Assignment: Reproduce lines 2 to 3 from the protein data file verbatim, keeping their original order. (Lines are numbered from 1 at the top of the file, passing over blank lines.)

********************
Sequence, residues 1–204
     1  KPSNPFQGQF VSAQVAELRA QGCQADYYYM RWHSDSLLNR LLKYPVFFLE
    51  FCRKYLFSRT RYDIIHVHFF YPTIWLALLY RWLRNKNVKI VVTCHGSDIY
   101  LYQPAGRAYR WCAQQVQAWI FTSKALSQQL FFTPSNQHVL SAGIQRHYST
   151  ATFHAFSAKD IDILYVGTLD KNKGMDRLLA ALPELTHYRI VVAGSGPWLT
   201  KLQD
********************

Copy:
     1  KPSNPFQGQF VSAQVAELRA QGCQADYYYM RWHSDSLLNR LLKYPVFFLE
    51  FCRKYLFSRT RYDIIHVHFF YPTIWLALLY RWLRNKNVKI VVTCHGSDIY